The practice of customer journey mapping has become more widely acknowledged as a critical customer experience tool in recent years, as recognition grows of its ability to help organisations differentiate and stand out from the competition when used successfully.
The most successful organisations treat their maps as work-in-progress documents, they are never ‘finished’. Often forming a customer experience working group, comprising of champions from different areas of the business, to lead the process of change ensuring it ties back to the customers’ needs at each touchpoint of the end-to-end journey.
Silo thinking can be one of the biggest challenges a business faces. Talented employees with an array of skills can thrive as individuals but struggle at bringing their departmental strengths together to benefit the customer. Customer journey mapping is a way to combat this problem offering a simple, effective solution.
Traditionally, customer journey maps offer a visual representation of the ‘journey’ a customer undertakes during their interaction with a brand or service. After its inception, a map can find new life in the form of dashboards, wall charts and briefing packs but, initially, these maps begin life as a holistic list of key customer touchpoints, at each stage of the end-to-end journey.
There are a number of benefits to the customer journey mapping process:
- It enables brands to walk in the customers’ shoes. By moving through the various touchpoints in the customer journey, the brand is afforded a first-person view of every interaction, from first contact through to final resolution. This practice flags-up the emotional highs and lows and highlights the ‘moments of truth’ that are most likely to lead to success or failure from the customer’s perspective.
- A customer journey map can breathe life into these interactions – it can help employees to see customers as real people with real emotions, and thus guide them towards the most practical and tactful way of delivering the customers desired experience. As such, a greater sense of empathy is created, something which is essential for customer experience excellence, as demonstrated by The Six Pillar SystemTM.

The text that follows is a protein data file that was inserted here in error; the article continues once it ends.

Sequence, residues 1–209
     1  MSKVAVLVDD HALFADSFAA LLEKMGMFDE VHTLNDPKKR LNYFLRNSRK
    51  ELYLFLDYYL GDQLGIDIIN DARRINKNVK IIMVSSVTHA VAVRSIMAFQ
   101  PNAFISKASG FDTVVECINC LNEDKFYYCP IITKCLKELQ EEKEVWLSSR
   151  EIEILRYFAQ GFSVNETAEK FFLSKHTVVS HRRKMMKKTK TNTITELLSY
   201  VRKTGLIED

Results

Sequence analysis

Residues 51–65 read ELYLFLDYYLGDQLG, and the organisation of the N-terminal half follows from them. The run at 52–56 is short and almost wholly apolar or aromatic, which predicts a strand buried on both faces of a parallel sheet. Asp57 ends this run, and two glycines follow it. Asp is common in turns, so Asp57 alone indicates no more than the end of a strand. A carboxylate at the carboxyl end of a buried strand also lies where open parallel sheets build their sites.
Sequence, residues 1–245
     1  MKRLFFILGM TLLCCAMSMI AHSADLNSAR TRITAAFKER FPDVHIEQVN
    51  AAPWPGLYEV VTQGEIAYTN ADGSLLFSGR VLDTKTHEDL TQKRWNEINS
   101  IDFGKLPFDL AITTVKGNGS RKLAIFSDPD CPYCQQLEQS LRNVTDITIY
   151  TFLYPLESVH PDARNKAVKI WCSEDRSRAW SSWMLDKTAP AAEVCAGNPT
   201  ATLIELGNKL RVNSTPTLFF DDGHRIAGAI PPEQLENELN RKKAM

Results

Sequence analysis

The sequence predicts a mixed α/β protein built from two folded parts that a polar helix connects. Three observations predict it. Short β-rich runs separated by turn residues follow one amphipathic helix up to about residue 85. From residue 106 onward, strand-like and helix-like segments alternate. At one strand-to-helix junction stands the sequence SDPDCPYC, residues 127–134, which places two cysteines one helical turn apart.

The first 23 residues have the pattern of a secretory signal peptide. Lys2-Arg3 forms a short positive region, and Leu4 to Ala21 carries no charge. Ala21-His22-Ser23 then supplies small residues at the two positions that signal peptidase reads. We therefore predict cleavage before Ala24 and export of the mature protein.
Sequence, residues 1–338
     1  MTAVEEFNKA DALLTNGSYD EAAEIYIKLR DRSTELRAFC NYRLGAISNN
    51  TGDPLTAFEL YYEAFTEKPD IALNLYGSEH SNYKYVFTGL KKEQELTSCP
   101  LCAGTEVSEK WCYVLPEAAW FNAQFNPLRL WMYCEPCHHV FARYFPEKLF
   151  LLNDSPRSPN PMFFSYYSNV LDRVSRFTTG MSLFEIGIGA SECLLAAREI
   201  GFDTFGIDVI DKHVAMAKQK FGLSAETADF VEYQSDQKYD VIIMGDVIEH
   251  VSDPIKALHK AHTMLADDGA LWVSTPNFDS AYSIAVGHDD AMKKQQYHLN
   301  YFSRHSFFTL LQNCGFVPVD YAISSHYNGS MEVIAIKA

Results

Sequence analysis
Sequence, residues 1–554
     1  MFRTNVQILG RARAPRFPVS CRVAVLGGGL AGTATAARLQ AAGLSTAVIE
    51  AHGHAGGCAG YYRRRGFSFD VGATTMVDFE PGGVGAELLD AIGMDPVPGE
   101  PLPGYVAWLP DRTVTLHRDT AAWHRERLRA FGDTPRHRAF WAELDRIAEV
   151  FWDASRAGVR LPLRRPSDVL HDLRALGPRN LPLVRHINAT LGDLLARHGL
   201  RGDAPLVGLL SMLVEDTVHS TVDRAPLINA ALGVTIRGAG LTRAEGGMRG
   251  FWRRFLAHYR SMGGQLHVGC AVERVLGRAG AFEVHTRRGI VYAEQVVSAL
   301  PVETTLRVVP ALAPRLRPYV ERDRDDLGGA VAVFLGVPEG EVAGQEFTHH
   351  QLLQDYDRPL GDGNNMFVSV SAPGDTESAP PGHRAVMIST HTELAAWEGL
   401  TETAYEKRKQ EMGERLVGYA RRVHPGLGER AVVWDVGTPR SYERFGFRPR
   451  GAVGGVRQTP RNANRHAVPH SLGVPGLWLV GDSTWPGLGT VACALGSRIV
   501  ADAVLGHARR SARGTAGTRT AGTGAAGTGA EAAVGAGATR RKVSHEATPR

- A customer journey map can create a common language to unite isolated departments and individuals, and deliver a shared goal through its simplified overview of the customer experience. It can inspire ideas for improvement. When a brand has a visual impression of its own strengths and weaknesses, employees are able to come together and examine these touchpoints as a single unit, with a clear vision of how to turn a good experience into an exceptional one.
For a company to excel, it should agree on key principles for a customer journey map. Based on far-reaching customer experience research and design work across numerous industries, we have identified five key principles to making customer journey mapping a success:
- Customer journey mapping must be aligned to and be a central part of a business’ overall customer experience strategy.
- It is essential to have only one definition of customer journey mapping and how it is applied across an organisation.
- The best customer journey maps bring together the internal view with the customer view, to define the single truth of the current or ‘to be’ customer journey
- A successful customer journey map will become the key framework through which customer experience is continuously measured and managed throughout the business.
- As a result, it forms the basis of ongoing customer-focused improvements and business transformation.
Not adhering to these key principles of customer journey mapping gives rise to a number of challenges for a business. As such, there are three crucial elements businesses need to get right to ensure success. These are: cross business engagement, customer-centricity and looking at the end-to-end journey.
KPMG Nunwood’s recent whitepaper, Achieving Customer Journey Mapping Success delves into these aspects in further detail and offers advice for businesses looking to excel.
Vicky Smith is head of qualitative research at KPMG Nunwood.